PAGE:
Geldards partners Claire Johnson and Erica Thomson are expert wills and probate lawyers. Below they explain when and why people should make a will and what common mistakes they see and hear.
Perhaps somewhat surprisingly in our technologically advanced and sophisticated consumer world, many people still tend to think of a making a will in quite old-fashioned terms, a ‘Last Will and Testament’, something quite final to be tackled in much later life.
In fact, making a will and reviewing it regularly should be a straightforward and positive experience. It is a must have for anyone, whatever their stage in life, who has money or other assets and family or loved ones for whom they would want to provide for when they are not around. Having an appropriate will in place should be one of life’s essentials, to be put in place and reviewed every few years or sooner if circumstances change significantly. Buying a first property, moving in with a partner or getting married, becoming a parent, setting up in business, or making or receiving a substantial gift are just some examples of life events when people need to think about whether their will planning is up to date.
As every probate solicitor will tell you, having an appropriate will in place is the only way to make sure those close to you are provided for in the way you would want. As well as giving you and them peace of mind, it could also reduce the risk of a dispute within the family and may even help avoid an unnecessary inheritance tax bill.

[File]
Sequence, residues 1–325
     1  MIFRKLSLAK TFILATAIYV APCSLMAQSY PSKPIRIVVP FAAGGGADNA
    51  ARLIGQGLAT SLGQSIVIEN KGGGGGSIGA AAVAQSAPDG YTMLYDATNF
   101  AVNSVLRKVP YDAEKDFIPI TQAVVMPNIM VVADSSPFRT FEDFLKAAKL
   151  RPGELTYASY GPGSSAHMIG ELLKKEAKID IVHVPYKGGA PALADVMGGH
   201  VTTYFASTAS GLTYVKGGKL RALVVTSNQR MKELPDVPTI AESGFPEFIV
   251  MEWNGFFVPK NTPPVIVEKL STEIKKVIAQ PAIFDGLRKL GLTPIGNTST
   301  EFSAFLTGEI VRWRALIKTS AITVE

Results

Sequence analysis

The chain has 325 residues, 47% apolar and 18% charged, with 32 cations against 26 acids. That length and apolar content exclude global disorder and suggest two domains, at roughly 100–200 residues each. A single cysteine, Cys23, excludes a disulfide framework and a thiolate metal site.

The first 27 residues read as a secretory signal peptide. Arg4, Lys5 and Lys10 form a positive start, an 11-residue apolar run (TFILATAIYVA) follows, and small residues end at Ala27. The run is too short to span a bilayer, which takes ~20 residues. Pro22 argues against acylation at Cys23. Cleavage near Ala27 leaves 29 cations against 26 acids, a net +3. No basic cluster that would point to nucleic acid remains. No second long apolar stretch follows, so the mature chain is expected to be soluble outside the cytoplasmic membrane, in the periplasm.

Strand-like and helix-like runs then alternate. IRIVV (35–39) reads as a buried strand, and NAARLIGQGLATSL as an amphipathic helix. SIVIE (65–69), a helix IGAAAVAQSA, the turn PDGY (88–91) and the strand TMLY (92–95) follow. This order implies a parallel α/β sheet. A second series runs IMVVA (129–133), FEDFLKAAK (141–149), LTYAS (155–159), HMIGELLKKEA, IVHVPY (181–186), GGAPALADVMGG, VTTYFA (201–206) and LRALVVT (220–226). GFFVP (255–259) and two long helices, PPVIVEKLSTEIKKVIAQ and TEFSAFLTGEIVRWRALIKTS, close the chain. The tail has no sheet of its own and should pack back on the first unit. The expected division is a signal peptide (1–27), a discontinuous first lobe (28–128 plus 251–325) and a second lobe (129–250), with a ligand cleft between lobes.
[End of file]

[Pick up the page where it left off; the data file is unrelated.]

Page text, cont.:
People sometimes make the mistake of thinking their affairs are too simple to need a will. They may assume that their spouse will automatically inherit everything anyway when that isn’t always the case or they may not realise that a long-term partner will have no automatic right to a share of their estate if they don’t leave a will. Others mistakenly believe that because their family circumstances are complicated, planning a will is just too tricky, so they put it off. The good news is that there are usually effective legal solutions to these dilemmas, for example, to provide for a second spouse whilst making sure their children’s eventual inheritance is protected or to deal with shares in a business in an appropriate and tax efficient way in the event of the death of one of the business owners. The fact that none of us have a crystal ball, for example when it comes to providing for adult children who are not yet settled in life, shouldn’t mean putting off making a will either, a well drafted will can be flexible enough to take account of the circumstances of those intended to benefit at the relevant time.
In an ideal world, families would talk about will planning much more openly, across the generations. In my experience many people underestimate how emotive an issue the will can become amongst family members after someone has died. A solicitor specialising in wills and probate will have seen it all. Their input can be invaluable, therefore, when it comes to people making informed choices about who to appoint as executor, for example, or what to bear in mind if someone in the family is likely to be disappointed or difficult about the will.
A will is one of the most important and powerful documents you will ever make, so investing in professional help is well worthwhile.
For more information about planning your will, please contact Claire Johnson or Erica Thomson from the Geldards Private Client team.